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Comput Stat (2014) 29:715741

DOI 10.1007/s00180-013-0458-x

ORIGINAL PAPER

Testing the hypothesis of absence of unobserved


confounding in semiparametric bivariate probit models

Giampiero Marra Rosalba Radice


Silvia Missiroli

Received: 11 March 2013 / Accepted: 1 October 2013 / Published online: 15 October 2013
Springer-Verlag Berlin Heidelberg 2013

Abstract Lagrange multiplier and Wald tests for the hypothesis of absence of unob-
served confounding are extended to the context of semiparametric recursive and sam-
ple selection bivariate probit models. The finite sample size properties of the tests are
examined through a Monte Carlo study using several scenarios: correct model speci-
fication, distributional and functional misspecification, with and without an exclusion
restriction. The simulation results provide some guidelines which may be important
for empirical analysis. The tests are illustrated using two datasets in which the issue
of unobserved confounding arises.

Keywords Endogeneity Lagrange multiplier test Non-random sample selection


Penalized regression spline Wald test

1 Introduction

We are concerned with testing the hypothesis of absence of unobserved confounding


in the recursive and sample selection bivariate probit models (Heckman 1978, 1979;

G. Marra (B)
Department of Statistical Science, University College London, Gower Street, London WC1E 6BT, UK
e-mail: giampiero.marra@ucl.ac.uk

R. Radice
Department of Economics, Mathematics and Statistics, Birkbeck, University of London, Malet Street,
London WC1E 7HX, UK

S. Missiroli
Dipartimento di Scienze Statistiche, Universita di Bologna, via Belle Arti 41, 40126 Bologna, Italy

S. Missiroli
Department of Decision Science, Bocconi University, Via Roentgen 1, 20136 Milano, Italy

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716 G. Marra et al.

Maddala 1983; de Ven and Praag 1981; Greene 2012). Recursive bivariate probit
models deal with a problem which arises in observational studies when confounders
(i.e., variables that are associated with treatment and response) are unobserved; this
issue is known in the econometric literature as endogeneity. These models control for
unobserved confounders by using a two-equation structural latent variable framework,
where one equation models a binary response as a function of a binary treatment and
some covariates whereas the other determines whether the treatment is received based
on some regressors. Recent economic and biostatistical applications of such models
include the study of the effect of private health insurance on medical care utilization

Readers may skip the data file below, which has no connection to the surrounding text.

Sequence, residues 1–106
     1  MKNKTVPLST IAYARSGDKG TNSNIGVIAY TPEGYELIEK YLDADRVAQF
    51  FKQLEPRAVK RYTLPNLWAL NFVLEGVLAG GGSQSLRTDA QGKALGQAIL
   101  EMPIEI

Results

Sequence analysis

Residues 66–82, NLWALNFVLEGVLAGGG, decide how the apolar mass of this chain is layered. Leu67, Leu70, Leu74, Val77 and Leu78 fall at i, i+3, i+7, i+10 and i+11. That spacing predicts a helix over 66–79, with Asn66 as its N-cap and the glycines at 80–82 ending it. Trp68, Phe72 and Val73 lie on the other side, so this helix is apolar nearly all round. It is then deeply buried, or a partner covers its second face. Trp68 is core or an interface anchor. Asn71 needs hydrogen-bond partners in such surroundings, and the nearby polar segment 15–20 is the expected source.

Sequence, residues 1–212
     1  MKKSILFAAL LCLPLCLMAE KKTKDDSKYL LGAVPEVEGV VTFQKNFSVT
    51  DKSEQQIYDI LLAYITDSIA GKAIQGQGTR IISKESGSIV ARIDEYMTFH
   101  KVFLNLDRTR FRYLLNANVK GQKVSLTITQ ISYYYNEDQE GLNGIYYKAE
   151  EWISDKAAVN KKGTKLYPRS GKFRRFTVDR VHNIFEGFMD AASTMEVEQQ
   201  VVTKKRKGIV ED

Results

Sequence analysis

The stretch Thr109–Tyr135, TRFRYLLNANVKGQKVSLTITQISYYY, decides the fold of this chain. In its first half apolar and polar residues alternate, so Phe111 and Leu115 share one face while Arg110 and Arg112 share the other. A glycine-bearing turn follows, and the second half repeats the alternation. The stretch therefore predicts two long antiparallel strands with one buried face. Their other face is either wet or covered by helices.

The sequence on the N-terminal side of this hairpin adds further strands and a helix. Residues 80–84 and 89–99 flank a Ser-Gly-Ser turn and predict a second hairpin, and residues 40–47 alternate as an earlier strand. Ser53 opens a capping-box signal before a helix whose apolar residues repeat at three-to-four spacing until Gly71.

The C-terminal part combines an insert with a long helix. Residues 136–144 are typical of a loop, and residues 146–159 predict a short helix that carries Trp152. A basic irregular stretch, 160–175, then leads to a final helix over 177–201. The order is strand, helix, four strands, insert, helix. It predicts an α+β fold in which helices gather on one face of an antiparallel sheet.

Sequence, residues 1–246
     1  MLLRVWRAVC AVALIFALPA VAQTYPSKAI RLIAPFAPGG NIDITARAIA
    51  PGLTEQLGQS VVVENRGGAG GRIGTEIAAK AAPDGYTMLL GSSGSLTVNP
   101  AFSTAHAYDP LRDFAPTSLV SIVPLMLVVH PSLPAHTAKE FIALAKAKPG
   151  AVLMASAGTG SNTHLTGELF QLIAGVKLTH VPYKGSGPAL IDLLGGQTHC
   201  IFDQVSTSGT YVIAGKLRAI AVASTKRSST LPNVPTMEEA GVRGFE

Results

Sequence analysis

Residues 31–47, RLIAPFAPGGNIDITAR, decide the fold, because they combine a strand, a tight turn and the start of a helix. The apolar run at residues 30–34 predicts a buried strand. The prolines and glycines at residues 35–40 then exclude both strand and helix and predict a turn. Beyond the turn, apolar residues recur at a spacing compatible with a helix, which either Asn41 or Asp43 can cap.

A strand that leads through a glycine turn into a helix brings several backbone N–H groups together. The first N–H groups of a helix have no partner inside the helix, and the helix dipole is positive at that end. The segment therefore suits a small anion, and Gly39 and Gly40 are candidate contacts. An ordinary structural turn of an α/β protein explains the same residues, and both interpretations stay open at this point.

(Buchmueller et al. 2005), impact of diabetes on employment (Latif 2009), effect of
physical activity on obesity (Kawatkar and Nichol 2009), and impact of insurance on
mortality among HIV-infected individuals (Goldman et al. 2001).
Sample selection models address an issue which arises when observations are not
from a random sample of the population. Instead, individuals may have selected them-
selves (or have been selected by others) into (or out of) the sample based on a combina-
tion of observed and unobserved characteristics. If the sample of selected individuals
differs in important observed characteristics from the sample of unselected individu-
als, then selection bias can be avoided by controlling for these features. However, if
the two samples differ in important unobserved characteristics then non-random sam-
ple selection arises. Sample selection bivariate probit models control for unobserved
confounders by simultaneously estimating two regressions: a selection equation and
a response equation. The former determines whether an individual is selected into
the sample whereas the latter is used to examine the substantive question of interest.
Applications of these models include the study of prevention program for high school
dropouts (Montmarquette et al. 2001), quantification of the effect of family-related
factors on foster approval (Cuddeback et al. 2004), estimation of HIV prevalence
(Brnighausen et al. 2011) and reject-inference to predict credit quality (Banasik and
Crook 2007).
The classic recursive and sample selection bivariate probit models used for the
applications mentioned above do not allow for flexible functional dependence of the
responses on continuous covariates. To this end, Marra and Radice (2011, 2013a)
introduced a penalized likelihood estimation framework to estimate simultaneously
the parameters of a system of two binary equations that include smooth functions of
continuous covariates. Alternative (Bayesian) approaches are available in the literature
(e.g., Chib and Greenberg 2007; Chib et al. 2009). However the lack of user-friendly
software makes them unfeasible for practitioners. The need for methods flexibly mod-
eling covariate effects arises from the observation that all parameter estimates are
inconsistent when the relationship between observed confounders and outcome is
mismodeled (Marra and Radice 2011; Chib et al. 2009).
An important aspect of these binary bivariate models is that if the hypothesis of
absence of unobserved confounding (i.e., exogeneity and random selection) can not be
rejected then joint estimation of the model equations can be avoided. This is appeal-
ing because inference in simultaneous models with smooth components may become